Supporters of liberalizing marijuana laws worry their relationship with the federal government is about to get a lot more contentious as members of the incoming Donald Trump administration signal they will take a harder line on drug policy.
During the Obama administration, Attorneys General Eric Holder and Loretta Lynch agreed not to enforce some drug laws in states where marijuana is legal. That is likely to change under Sen. Jeff Sessions (R-Ala.), President-elect Trump’s nominee to become attorney general.
Sessions is considered one of the staunchest pot opponents in the Senate, a hard-line conservative who once remarked that he thought the Ku Klux Klan was “OK” until he learned members smoked marijuana. At a Senate Judiciary Committee hearing earlier this year, Sessions said he wanted to send a message that “good people don’t smoke marijuana.”
“Sessions doesn’t appear to have a very enlightened view about the war on drugs, so that’s somewhat discouraging,” said Pete Holmes, Seattle’s city attorney and one of the driving forces behind Washington’s decision to legalize marijuana for recreational use.
“When you hear the kind of knee-jerk biases expressed by a guy who will be the nation’s top law enforcement official, it’s scary.”
Supporters of liberalizing marijuana laws have scored big wins in recent years, as voters in both red and blue states have loosened marijuana laws. After November’s elections, more than half of states will allow the use of marijuana for medical purposes, and eight states will allow marijuana for recreational purposes.
The legal marijuana industry is becoming a billion-dollar boon for businesses and investors and a reliable new source of revenue for cash-poor cities and states. Earlier this month, voters in Massachusetts, Maine, California and Nevada joined Washington, Colorado, Alaska, Oregon and the District of Columbia in legalizing marijuana for recreational use.
But marijuana remains illegal at the federal level, and pro-pot advocates have maintained an uneasy truce with the Justice Department under President Obama.
As attorney general, Sessions has a host of options for changing the federal government’s posture toward marijuana.
He could follow precedent set by Holder and Lynch and let states chart their own path, or, on the other extreme, he could tell governors that any state that issues a license to permit marijuana sales would stand in violation of the Controlled Substances Act.
Sessions could revisit the Cole memo, the August 2013 memorandum written to federal prosecutors by then-deputy Attorney General James Cole that lays out the Justice Department’s priorities in prosecuting drug cases. The Cole memo allowed prosecutors to skip cases in states that institute regulatory and enforcement systems to oversee marijuana sales.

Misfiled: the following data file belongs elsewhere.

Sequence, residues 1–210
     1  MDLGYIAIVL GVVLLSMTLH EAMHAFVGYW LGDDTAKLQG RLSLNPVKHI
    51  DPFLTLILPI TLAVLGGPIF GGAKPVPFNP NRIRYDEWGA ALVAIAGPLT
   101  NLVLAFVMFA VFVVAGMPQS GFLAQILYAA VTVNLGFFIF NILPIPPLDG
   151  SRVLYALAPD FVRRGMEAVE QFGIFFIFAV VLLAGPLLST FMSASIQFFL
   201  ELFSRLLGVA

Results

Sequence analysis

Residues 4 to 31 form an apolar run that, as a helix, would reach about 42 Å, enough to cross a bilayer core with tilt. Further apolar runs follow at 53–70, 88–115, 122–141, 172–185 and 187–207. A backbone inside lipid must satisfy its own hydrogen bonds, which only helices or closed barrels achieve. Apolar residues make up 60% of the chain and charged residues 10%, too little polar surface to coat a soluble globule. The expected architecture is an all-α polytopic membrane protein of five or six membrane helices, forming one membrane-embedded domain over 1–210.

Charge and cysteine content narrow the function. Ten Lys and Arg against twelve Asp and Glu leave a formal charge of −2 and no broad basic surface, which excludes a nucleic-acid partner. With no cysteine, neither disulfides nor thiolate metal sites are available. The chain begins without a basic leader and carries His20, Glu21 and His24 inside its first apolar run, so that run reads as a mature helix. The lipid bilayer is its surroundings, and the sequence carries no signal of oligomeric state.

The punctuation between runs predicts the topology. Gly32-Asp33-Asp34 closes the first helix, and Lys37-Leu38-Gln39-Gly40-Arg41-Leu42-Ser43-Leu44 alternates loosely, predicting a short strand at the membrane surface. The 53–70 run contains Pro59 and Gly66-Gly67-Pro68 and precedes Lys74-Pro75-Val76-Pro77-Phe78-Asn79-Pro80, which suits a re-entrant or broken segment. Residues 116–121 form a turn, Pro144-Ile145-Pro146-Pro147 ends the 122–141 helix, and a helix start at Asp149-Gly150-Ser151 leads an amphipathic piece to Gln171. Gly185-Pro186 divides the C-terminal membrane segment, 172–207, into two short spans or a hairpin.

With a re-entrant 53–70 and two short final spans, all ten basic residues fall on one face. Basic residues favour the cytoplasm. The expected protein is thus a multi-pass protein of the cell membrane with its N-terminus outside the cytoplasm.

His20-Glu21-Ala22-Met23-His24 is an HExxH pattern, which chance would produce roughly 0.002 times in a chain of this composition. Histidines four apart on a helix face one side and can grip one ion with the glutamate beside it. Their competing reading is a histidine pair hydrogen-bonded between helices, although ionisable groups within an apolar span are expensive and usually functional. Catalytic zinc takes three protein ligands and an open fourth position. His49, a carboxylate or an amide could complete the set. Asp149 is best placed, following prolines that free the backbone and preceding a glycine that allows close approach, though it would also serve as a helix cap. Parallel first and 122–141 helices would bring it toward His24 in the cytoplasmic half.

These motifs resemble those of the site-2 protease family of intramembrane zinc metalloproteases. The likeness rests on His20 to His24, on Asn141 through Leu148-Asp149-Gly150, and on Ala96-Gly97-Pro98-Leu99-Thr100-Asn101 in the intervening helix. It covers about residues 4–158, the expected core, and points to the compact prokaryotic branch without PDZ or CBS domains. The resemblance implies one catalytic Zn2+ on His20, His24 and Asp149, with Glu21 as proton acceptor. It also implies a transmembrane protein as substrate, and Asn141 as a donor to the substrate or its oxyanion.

To legal pot opponents, the Cole memo — and other steps the Obama Justice Department has taken — is an abdication of responsibility to implement federal law.
“We want to see federal law enforced. I think a clear letter asking states to stand down until Congress changes the law makes the most sense, and I think governors in these states would gladly oblige,” said Kevin Sabet, who heads Smart Approaches to Marijuana, a group that opposes legalization.
The debate over marijuana legalization is a proxy, however imperfect, for the larger question of states’ rights.
Legal marijuana backers say they hope Sessions and Trump let the states experiment as the founders intended.
Sessions co-sponsored a bill introduced by Sen. Roger Wicker (R-Miss.) last year that would have allowed states to challenge proposed federal rules under the 10th Amendment to the Constitution, which reserves rights for the states. That gives some legal marijuana backers at least a glimmer of hope that the incoming administration won’t crack the whip.
“Voters in 28 states have chosen programs that shift cannabis from the criminal market to highly regulated, tax-paying businesses. Sen. Sessions has long advocated for state sovereignty, and we look forward to working with him to ensure that states’ rights and voter choices on cannabis are respected,” said Aaron Smith, who heads the National Cannabis Industry Association in Denver.
But opponents of marijuana liberalization say they see their own encouraging signs that the tide toward legalization may be turning.
“We’ve all wondered whether the Trump presidency would be ‘states rights’ or ‘law and order’ when it comes to drugs,” Sabet wrote in an email. “The Sessions pick makes many of us think it may be the latter.”
Even with Sessions overseeing the Justice Department, legal marijuana proponents are likely to continue pursuing liberalization through ballot measures and state legislatures.
Marijuana legalization measures are already circulating in Ohio, Texas, Mississippi and Missouri. Legislatures in states like New Jersey, Vermont, Delaware and Rhode Island are likely to take up marijuana legalization bills in upcoming legislative sessions.